By Hannah Allam, McClatchy Newspapers –
WASHINGTON — Right after NATO-backed rebels toppled Libyan strongman Moammar Gadhafi, American flags and signs thanking the Obama administration popped up in Libyan cities, signaling what many had hoped was a new chapter between the United States and the Arab world.
A year later, with an American ambassador and other U.S. citizens killed in a siege on their compound in Benghazi this week, and U.S. missions throughout the region under threat, it’s clear that the extremists who were shunted aside by the Arab Spring protests are finding new footholds in the disarray of transitional nations.
In Libya, Egypt, Tunisia and Yemen, Islamist militants are regrouping and attempting to reclaim the banner of resistance that was lost after the revolutionary gains quickly evaporated in the disunity of liberal and moderate parties, in the lawlessness following regime collapse and with the influx of money and weapons from extremist sympathizers.
Syria’s civil war already has become a bright beacon for extremists, analysts say, with its ability to lure jihadists from across the region for a battle not only about ruling Syria, but about putting a militant Islamist stamp on countries struggling to find new identities after years of dictatorship.
“Now that these countries have opened up and these guys are out of jails, they’re allowed to proselytize,” said Aaron Zelin, who researches militants for the Washington Institute for Near East Policy and blogs about them at Jihadology.net. “And we’ve seen these individuals encroach on some of the larger debates in their countries.”
Will McCants, a former government adviser on violent extremism and author of the Jihadica Website, said the Arab Spring dealt jihadists two blows — one is their exclusion from the overthrow of corrupt governments, and the other is the entry into party politics of their sometimes allies in the ultraconservative Salafist movement.
For years, Salafists had shunned participating in elections or legislation, saying it violated their strict principles that only God’s laws, as spelled out in the Quran and the sayings of the Prophet Muhammad, should apply. However, now they have formed parties and stepped gingerly into the political sphere, much to the chagrin of their more radical offshoots.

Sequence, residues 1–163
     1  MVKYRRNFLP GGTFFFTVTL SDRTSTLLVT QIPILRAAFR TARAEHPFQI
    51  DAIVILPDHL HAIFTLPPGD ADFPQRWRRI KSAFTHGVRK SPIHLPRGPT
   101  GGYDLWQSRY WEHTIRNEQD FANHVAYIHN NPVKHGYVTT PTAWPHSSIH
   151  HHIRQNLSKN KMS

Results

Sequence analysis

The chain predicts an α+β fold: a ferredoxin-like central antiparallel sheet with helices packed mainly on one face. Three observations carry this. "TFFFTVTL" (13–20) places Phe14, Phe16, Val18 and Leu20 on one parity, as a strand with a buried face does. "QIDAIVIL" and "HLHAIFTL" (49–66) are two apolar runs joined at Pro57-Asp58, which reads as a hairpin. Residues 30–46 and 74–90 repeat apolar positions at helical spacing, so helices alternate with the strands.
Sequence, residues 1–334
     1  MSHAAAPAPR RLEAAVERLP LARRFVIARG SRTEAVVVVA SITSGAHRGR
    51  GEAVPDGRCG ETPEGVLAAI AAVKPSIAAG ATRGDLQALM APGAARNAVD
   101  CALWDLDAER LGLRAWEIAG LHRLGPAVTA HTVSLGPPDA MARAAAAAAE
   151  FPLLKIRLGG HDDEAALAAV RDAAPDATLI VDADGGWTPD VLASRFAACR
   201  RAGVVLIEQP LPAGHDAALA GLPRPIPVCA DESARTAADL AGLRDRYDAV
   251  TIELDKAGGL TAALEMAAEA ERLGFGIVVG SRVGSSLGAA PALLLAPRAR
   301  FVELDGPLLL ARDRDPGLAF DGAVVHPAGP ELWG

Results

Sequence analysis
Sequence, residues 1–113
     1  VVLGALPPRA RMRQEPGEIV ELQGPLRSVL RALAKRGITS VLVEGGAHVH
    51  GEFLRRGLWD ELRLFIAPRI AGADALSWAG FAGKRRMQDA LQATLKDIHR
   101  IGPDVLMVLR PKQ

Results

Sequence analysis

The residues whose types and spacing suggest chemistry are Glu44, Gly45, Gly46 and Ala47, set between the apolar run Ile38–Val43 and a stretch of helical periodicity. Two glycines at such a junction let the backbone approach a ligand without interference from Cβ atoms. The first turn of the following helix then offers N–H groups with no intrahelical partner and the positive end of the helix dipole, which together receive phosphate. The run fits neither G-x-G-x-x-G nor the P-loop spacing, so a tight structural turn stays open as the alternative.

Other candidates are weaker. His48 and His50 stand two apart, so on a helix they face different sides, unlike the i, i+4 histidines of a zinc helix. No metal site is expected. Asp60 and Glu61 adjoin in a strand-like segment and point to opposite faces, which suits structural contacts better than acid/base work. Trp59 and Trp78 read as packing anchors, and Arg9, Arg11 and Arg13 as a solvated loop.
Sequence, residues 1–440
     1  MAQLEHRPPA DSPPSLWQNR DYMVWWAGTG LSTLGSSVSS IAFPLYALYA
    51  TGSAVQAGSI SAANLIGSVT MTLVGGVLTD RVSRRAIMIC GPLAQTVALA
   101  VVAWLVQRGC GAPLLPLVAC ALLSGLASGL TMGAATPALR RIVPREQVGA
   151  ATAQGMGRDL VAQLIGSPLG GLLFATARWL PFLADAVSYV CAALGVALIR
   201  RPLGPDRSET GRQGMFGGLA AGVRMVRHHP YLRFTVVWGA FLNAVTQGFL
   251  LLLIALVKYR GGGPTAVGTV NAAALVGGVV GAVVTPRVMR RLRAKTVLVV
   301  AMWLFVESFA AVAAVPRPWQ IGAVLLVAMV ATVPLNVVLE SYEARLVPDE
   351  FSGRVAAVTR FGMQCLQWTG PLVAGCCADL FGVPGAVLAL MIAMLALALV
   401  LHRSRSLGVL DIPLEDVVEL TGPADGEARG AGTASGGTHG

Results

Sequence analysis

McCants said extremist elements had taken “some bites at the apple” with shows of force in Libya and Yemen, but they hadn’t found a real opportunity for recovering from the Arab Spring until Syria exploded.
“They haven’t had a chance at it since Iraq, and this is it. Syria is it,” said McCants, a researcher at the Center for Strategic Studies, an arm of CNA, a Washington-based nonprofit that undertakes a wide variety of investigative projects.
While the number of foreign jihadists participating in the rebellion against President Bashar Assad is still believed to be low in comparison with the wider revolt, militant Islamists typically are better armed, better trained and are known for their fierce, ideology-driven warrior ethos, according to reporters and analysts monitoring the conflict.
They’re particularly fired up about Syria, experts say, because the country figures heavily in Islamic apocalyptic scripture.
“Salafi jihadists have been marginalized since the Arab Spring, but now Syria is giving them a boost,” said Murad Batal al-Shishani, a London-based analyst who has written extensively about militants since the 1990s. “On Twitter, I find that the most trafficking topic among jihadists was Syria. It’s the biggest topic in the region and jihadists, in general, are focusing more on the grassroots now.”
Their influence extends far beyond Syria, to other countries where despised dictators already have been ousted.